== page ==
Cassie Martin is the associate editor at Science News. When she’s not reporting stories about coral reefs, dog genetics or astronaut poop, she edits the magazine’s Letters to the Editor section, fact-checks the news and works on the Science News in High Schools program. Cassie has a bachelor's degree in molecular genetics from Michigan State University, and a master's degree in science journalism from Boston University. Prior to Science News, she wrote for MIT, Harvard and elsewhere.

All Stories by Cassie Martin

  1. syphilis, gonorrhea and chlamydia
    Health & Medicine

    CDC sounds alarm on STDs

    The combined reported cases of three common sexually transmitted diseases reached a historic peak in 2015, a new CDC report says.

  2. Staphylococcus aureus
    Health & Medicine

    Staph infections still a concern

    Scientists have been searching for a vaccine against a deadly microbe for 50 years.

  3. 3-D printed bone scaffolds
    Materials Science

    Superflexible, 3-D printed “bones” trigger new growth

    New ultraflexible material could be the future of bone repair, but awaits human testing.

  4. Ceropegia sandersonii

    Flower lures pollinators with smell of honeybee fear

    When it comes to attracting pollinators, one flower species catches more flies with honeybees.

  5. Caterpillar

    New book tells strange tales of evolution

    'The Wasp That Brainwashed the Caterpillar' features a cadre of critters that have evolved seemingly bizarre solutions to some of life’s biggest problems.

  6. scientist cutting model of DNA

    Genetic surgery is closer to reality

    A molecular scalpel called CRISPR/Cas9 has made gene editing possible.

  7. Starlet sea anemones

    Anemone proteins offer clue to restoring hearing loss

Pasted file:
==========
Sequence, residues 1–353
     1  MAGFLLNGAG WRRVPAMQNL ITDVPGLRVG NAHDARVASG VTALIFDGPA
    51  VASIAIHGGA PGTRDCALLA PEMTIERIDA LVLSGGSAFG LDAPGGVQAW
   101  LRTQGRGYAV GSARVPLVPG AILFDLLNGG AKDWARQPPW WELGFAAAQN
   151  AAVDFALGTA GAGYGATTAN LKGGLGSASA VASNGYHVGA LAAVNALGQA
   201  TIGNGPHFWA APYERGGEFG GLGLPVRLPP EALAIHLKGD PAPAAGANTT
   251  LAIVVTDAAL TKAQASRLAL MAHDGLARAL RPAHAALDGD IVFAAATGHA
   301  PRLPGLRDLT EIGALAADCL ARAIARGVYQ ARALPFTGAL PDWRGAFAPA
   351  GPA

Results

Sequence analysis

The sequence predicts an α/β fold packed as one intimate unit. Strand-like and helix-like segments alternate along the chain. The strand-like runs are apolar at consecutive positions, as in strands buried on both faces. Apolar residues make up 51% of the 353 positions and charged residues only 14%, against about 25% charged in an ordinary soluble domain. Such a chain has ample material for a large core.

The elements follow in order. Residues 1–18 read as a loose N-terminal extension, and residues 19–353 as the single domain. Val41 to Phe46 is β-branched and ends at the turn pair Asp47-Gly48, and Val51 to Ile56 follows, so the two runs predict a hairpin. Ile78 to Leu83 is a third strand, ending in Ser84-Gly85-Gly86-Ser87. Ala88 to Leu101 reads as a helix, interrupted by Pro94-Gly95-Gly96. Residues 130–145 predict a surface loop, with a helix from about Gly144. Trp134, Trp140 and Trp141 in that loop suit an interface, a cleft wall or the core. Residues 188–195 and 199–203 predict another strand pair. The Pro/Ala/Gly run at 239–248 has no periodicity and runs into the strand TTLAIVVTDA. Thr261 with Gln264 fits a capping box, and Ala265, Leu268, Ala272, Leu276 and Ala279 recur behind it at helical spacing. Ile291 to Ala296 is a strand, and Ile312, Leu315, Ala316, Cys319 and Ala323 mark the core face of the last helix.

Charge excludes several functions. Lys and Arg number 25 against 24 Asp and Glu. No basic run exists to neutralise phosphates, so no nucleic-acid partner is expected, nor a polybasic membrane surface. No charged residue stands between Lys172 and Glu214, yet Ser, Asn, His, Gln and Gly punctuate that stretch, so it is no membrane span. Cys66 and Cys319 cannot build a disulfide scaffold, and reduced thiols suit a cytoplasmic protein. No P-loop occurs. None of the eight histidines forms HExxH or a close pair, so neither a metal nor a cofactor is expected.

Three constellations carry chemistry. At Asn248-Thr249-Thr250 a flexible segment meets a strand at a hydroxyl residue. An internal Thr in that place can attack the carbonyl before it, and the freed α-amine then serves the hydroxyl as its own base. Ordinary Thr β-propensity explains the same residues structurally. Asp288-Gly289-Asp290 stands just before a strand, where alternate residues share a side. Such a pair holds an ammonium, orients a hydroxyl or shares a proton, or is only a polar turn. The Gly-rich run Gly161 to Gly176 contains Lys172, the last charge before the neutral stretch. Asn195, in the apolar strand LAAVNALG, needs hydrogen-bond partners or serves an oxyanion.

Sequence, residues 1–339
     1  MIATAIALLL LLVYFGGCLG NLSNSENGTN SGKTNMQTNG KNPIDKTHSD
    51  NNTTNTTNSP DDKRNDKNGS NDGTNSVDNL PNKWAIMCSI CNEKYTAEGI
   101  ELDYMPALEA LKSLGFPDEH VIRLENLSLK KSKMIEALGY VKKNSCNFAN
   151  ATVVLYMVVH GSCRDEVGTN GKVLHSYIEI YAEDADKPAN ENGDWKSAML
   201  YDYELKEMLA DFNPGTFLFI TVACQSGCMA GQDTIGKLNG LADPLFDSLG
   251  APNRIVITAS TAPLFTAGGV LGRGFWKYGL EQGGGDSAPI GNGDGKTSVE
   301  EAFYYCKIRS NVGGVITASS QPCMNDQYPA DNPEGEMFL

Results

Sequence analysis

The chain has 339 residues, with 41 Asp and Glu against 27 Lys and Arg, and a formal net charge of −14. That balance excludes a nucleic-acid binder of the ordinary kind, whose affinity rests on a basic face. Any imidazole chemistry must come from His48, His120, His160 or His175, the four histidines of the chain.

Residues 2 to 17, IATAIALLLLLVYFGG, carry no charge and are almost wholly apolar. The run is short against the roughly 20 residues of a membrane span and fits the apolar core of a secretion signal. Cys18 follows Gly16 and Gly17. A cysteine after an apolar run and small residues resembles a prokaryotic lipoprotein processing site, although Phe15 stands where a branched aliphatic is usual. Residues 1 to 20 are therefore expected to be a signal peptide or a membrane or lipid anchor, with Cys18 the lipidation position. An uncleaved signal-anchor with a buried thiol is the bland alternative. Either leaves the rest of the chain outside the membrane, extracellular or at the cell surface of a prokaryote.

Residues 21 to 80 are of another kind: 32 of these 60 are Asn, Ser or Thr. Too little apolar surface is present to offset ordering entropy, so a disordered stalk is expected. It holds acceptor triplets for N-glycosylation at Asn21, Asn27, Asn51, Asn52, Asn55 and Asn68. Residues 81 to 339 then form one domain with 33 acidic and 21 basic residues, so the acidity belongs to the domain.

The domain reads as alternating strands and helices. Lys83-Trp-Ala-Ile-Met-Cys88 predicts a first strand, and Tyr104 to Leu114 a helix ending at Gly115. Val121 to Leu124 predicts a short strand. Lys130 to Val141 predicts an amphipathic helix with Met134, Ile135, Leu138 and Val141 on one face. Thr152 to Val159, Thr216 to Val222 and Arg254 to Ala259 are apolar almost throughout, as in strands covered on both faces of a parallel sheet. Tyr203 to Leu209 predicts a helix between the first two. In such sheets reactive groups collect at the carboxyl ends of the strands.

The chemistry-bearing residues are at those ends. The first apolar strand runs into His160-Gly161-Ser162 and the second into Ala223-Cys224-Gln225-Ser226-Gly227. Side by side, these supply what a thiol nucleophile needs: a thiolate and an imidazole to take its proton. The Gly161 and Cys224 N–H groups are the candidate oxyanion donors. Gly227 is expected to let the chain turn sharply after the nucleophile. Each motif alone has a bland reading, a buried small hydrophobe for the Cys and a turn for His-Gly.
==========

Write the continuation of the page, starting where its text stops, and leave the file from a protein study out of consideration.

Proteins that sea anemones use to regenerate may help restore damaged hearing in mammals.

  8. Camptotheca acuminate
    Science & Society

    Cancer drug came from traditional Chinese medicine

    Researchers looked to traditional Chinese medicine for cancer treatment clues 50 years ago. Today, synthetic versions treat a variety of cancers.

  9. Pheidole drogon

    Newly discovered big-headed ants use spines for support

    Two newly discovered ant species provide new insights into spiny evolution.

  10. woman wearing cochlear implant

    Artificial hearing has come a long way since 1960s

    Scientists envisioned artificial hearing 50 years ago. Today, they are working to make it superhuman.

  11. Machairoceratops cronusi and Spiclypeus shipporum

    Two newly identified dinosaurs donned weird horns

    Two newly discovered relatives of Triceratops had unusual head adornments — even for horned dinosaurs.

  12. lab bioreactor used to grow bone graft
    Health & Medicine

    Stem cells from pig fat aid in growing new bone

    Scientists transform fat stem cells into bone and grow new jaws for minipigs.